Environmental: This is important in understanding some of the environmental factors in sugar consumption. But what seems to be more profound is the cultural or constructed side of the history of sugar.

Cultural:The definition of culture for Mintz is asserted as, “Culture must be understood ‘not simply as a product but also as production, not simply as socially constituted but also as socially constituting’” (14).

Economic:  Labor and economics of sugar have a deep and significant history that Mintz documents.  It has been asserted by Mintz that, “Using imported slaves—perhaps Europe’s biggest single external contribution to its own economic growth” (55). With the manipulation of labor and creating situations in which labor would become slave labor led to the increase of exploiting resources, labor, and commodities by Europeans.  Mintz discusses this by stating, “Slaves and forced labors, unlike free workers, have nothing to sell, not even their labor; instead, they have themselves been bought and sold and traded” (57). Mintz illuminates the cruel reality of Europe’s commodity history. Commodity of bodies and sugar in concert with one another provided an exotic component to how individuals who labored and those who purchased sugar were positioned. This text provides a inter-disciplined narrative on the history of one commodity and its affects on the world. This is a text anyone could read!

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10/10

feminist studies, herstory, history, history of class, history of gender, history of race, history of sexuality, history of the united states, Uncategorized, women and gender studies

Book Review: Linda Gordon, The Great Arizona Orphan Abduction (Massachusetts:Harvard University Press, 1999), Pp.416.

book.jpgLinda Gordon’s historical monograph entitled, The Great Arizona Orphan Abduction, discusses the shifting ideas about race, class, and gender in twentieth-century Arizona.  This book investigates a case that involved Irish children, from New York,  who were being taken to Arizona in hopes of a better life. This “better life” was more invested with class and preventing poverty than it was about race. Gordon’s central theme of the book discusses the intersection of “Mexican-Anglo relations” (x). Gordon presents this story in a multifaceted way by looking at the Anglo’s motive and intentions, while also discussing how race and class differed within the same nation. The story starts out with a grim depiction of immigrant life in New York. Children were suffering at the hands of poverty and were struggling to survive. In the nineteenth and twentieth-century religious organizations, specifically the Catholic Church, were intervening and removing children from impoverished living conditions and re-locating them with different families. Gordon discusses these particular event in 1904 in North Clifton Arizona. In this particular event Gordon focuses took Irish immigrant children to new families that could provide an adequate life for them in Arizona. The one difference was the race of the children did not match the race of their new families. Instead it matched their socio-economic status.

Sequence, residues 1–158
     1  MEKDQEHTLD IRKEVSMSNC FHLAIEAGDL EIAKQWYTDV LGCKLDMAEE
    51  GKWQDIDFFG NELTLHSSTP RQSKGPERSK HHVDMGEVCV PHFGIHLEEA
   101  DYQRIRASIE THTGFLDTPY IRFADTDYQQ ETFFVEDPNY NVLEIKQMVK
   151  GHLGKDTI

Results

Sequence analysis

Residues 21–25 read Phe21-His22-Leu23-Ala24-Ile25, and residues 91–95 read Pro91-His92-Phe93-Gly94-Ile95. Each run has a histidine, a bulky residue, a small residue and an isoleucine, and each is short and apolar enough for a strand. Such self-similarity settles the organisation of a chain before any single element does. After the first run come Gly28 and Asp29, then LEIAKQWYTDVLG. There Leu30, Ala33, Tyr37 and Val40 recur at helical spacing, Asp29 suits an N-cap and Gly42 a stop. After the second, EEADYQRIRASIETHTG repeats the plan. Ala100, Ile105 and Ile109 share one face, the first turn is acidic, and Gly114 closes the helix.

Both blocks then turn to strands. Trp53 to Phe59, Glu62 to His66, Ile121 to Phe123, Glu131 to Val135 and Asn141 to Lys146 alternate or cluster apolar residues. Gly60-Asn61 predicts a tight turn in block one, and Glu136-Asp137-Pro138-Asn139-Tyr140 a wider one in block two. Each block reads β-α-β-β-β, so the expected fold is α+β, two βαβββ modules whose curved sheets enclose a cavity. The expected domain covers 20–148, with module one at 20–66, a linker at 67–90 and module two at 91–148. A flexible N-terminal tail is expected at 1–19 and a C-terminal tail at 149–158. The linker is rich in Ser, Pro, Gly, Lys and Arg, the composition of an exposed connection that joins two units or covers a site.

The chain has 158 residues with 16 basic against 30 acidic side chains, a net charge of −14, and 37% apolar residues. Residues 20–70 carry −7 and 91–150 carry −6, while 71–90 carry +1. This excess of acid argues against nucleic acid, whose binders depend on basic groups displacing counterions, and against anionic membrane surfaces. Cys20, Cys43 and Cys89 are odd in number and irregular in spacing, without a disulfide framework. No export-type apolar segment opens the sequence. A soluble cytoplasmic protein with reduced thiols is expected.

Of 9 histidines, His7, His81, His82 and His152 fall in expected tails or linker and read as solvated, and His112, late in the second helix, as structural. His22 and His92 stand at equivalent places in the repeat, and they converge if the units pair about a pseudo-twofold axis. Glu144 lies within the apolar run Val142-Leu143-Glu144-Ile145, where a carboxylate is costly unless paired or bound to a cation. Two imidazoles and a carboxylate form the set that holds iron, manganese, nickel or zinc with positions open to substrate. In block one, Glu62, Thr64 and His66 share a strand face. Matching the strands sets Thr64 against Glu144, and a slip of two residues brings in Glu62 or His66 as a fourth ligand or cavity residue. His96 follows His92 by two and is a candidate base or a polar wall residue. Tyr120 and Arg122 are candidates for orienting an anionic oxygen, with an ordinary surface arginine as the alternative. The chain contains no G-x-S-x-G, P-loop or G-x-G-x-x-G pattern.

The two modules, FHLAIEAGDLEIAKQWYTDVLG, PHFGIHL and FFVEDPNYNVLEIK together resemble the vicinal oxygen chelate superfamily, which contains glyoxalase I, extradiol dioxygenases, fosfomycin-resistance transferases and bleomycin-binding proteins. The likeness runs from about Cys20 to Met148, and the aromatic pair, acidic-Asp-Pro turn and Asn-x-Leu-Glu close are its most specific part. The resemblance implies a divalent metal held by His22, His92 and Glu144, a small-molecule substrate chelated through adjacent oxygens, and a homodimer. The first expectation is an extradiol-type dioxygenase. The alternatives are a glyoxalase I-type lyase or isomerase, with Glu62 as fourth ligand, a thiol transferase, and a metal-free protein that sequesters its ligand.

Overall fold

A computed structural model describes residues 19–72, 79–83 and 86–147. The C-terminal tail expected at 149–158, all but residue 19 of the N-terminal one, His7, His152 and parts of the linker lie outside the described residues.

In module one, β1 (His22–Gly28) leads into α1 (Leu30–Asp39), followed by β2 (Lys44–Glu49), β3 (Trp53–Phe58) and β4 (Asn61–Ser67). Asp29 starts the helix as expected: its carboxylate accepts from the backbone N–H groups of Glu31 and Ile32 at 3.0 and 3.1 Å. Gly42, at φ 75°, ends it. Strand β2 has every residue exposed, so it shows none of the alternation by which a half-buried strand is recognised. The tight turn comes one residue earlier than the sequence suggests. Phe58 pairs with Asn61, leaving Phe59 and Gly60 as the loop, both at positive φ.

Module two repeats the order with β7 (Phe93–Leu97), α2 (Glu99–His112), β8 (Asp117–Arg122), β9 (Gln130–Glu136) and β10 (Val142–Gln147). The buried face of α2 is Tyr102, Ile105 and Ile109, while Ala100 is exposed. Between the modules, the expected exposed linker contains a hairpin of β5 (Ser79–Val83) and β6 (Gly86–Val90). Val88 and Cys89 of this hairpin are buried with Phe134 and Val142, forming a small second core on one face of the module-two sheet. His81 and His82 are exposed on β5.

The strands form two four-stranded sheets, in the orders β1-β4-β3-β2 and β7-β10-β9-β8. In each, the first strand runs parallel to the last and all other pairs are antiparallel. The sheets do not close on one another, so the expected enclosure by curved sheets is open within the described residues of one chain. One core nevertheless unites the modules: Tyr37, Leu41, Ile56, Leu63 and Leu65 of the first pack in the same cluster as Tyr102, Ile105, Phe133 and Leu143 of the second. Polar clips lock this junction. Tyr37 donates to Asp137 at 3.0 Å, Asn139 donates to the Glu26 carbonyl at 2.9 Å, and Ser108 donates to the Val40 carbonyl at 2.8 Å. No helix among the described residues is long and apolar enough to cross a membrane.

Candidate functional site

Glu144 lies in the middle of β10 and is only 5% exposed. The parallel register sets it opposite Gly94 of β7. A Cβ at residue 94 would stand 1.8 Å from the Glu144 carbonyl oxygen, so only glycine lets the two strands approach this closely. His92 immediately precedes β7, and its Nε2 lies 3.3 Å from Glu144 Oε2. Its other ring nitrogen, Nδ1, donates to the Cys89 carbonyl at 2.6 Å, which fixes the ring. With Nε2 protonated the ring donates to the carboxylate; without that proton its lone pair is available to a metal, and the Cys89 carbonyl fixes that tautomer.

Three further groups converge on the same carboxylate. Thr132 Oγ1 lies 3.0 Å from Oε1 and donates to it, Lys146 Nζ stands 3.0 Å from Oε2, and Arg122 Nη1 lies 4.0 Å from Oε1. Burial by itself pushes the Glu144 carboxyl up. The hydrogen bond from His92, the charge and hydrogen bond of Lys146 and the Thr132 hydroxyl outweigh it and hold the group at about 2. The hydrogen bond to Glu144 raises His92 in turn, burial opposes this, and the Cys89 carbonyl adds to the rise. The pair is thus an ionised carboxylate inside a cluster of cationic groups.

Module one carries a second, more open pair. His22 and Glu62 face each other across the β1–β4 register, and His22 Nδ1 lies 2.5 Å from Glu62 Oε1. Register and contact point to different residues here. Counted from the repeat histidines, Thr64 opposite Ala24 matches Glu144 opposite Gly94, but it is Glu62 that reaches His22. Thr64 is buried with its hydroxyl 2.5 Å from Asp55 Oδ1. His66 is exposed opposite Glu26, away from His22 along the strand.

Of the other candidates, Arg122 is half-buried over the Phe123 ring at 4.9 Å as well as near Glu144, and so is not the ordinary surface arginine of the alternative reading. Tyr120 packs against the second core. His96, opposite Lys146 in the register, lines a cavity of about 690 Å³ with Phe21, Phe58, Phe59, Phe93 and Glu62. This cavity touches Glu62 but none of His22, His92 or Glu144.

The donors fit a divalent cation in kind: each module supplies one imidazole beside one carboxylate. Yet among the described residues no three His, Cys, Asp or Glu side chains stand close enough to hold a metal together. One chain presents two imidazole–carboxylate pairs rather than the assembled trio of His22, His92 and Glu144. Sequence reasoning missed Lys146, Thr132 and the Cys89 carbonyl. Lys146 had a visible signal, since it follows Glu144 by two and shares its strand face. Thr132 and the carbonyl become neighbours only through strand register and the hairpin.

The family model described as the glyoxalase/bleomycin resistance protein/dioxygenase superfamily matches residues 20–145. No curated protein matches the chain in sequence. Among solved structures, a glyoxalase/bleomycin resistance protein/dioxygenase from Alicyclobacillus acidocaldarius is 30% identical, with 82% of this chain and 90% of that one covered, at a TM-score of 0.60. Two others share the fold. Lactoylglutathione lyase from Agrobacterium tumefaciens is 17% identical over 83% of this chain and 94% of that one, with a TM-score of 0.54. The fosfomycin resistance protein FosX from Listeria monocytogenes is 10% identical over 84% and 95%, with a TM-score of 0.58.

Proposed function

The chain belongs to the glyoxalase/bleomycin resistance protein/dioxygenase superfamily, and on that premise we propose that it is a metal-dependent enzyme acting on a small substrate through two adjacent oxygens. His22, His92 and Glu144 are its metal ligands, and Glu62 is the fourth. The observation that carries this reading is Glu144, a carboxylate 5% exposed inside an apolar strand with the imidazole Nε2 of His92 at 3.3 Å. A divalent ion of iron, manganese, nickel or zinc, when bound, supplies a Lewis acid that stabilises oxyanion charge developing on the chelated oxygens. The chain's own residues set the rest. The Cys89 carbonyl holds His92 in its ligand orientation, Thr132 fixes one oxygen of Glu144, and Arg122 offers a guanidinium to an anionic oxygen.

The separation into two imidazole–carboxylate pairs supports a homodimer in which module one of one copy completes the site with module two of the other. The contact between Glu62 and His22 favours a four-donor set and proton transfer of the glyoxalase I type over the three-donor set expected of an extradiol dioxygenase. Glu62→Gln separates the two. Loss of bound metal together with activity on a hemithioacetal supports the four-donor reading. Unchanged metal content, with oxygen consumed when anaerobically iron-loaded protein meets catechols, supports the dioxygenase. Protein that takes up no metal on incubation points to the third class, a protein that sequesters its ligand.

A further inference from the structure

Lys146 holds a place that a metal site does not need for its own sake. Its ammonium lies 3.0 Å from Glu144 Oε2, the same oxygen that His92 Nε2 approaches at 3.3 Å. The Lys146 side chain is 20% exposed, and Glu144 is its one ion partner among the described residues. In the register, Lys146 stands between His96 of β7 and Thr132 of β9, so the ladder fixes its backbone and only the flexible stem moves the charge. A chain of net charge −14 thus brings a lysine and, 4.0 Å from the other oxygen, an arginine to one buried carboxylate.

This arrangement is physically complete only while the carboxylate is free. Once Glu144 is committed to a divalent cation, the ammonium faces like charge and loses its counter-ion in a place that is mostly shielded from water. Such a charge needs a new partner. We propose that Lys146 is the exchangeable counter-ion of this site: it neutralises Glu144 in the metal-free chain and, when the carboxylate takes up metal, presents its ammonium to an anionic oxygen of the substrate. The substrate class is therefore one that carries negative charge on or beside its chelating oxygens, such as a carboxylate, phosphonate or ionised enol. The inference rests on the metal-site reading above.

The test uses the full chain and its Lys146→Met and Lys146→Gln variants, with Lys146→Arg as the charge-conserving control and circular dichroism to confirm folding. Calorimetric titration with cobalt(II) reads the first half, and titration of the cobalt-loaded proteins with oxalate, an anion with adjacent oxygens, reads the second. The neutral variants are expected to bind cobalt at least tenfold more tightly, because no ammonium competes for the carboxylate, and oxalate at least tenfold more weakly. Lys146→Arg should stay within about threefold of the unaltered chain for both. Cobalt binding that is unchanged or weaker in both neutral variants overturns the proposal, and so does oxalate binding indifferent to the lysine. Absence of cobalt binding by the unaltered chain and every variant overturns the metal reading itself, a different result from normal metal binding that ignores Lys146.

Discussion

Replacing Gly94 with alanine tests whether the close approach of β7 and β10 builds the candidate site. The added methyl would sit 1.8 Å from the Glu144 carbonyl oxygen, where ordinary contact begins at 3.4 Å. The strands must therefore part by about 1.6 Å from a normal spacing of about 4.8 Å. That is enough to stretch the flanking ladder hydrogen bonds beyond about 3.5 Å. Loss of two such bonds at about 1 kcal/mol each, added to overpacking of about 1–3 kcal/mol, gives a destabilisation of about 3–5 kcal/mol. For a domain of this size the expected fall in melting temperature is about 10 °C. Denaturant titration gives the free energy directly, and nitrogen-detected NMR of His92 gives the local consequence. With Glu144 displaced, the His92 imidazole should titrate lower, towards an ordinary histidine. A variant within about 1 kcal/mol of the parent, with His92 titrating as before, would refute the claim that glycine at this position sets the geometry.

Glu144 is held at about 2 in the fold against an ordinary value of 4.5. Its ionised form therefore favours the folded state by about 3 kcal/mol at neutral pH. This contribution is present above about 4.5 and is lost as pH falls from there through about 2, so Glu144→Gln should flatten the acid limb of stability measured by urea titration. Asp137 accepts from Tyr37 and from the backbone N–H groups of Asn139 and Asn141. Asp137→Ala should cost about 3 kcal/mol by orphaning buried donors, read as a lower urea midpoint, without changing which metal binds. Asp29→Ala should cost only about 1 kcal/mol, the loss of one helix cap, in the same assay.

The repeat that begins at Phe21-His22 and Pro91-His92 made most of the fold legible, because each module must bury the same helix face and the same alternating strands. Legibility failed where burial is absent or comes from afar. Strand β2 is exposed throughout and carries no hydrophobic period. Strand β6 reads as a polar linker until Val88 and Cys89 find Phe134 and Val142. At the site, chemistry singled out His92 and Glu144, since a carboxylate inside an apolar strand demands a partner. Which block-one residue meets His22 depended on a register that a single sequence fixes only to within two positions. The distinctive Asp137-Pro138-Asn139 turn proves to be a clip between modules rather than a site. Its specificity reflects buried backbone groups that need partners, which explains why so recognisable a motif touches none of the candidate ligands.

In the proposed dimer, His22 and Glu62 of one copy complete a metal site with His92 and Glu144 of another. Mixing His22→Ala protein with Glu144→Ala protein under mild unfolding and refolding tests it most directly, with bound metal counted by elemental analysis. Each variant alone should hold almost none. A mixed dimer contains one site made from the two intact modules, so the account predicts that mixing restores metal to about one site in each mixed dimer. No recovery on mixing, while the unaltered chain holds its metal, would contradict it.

This is where we see the intersection of race, class, and gender in this monograph. 

 In Arizona the potential parents were Mexican and the type of labor that was common among this group seemed to be the best fit for the orphan immigrants. This was not seen as an improper race placement but a proper class and religious placement. The immigrant children were being placed with class appropriate family structure. Gordon notes this as the “‘wageworkers’ frontier,’” in which the affiliation to ones class would structure the whole way of life (25). The national movement to find better jobs and more opportunity was not only in the working class adults frontier but also in children’s frontier history.

Out of competitive class structures race and gender became more solidified and produced a ridged rhetoric by the twentieth-century. In the case of the orphan train from New York to Arizona, race was being constructed in a very gendered way. The train pulled up to Clifton Railroad Station on the evening of October 1, 1904, with the children prepared to enter their new lives, with the families that would best fit them in terms of class and religion. But something in particular happened on that night, a racialized lens of ownership came upon those children by Anglo women who watched these children come off the train and go home with their new Mexican parents. The Anglo women noticed their light skin and proposed that the children needed to be with them and not the Mexican women and families (41).  This started a several month long battle that would end up constructing notions of race, class, and gendered politics for Clifton Arizona. Race was dictated in this case not only by looks but in how these children should be raised, ultimately by white mothers. Motherhood then became one of the most controversial constituter of race in the case of the orphan abduction of Arizona in 1904. This is a provocative historical case study and would be interesting for those interested in United States history and women and gender studies history. I will warn it is a long text but it is filled with historical details that provide to her overall study and thesis.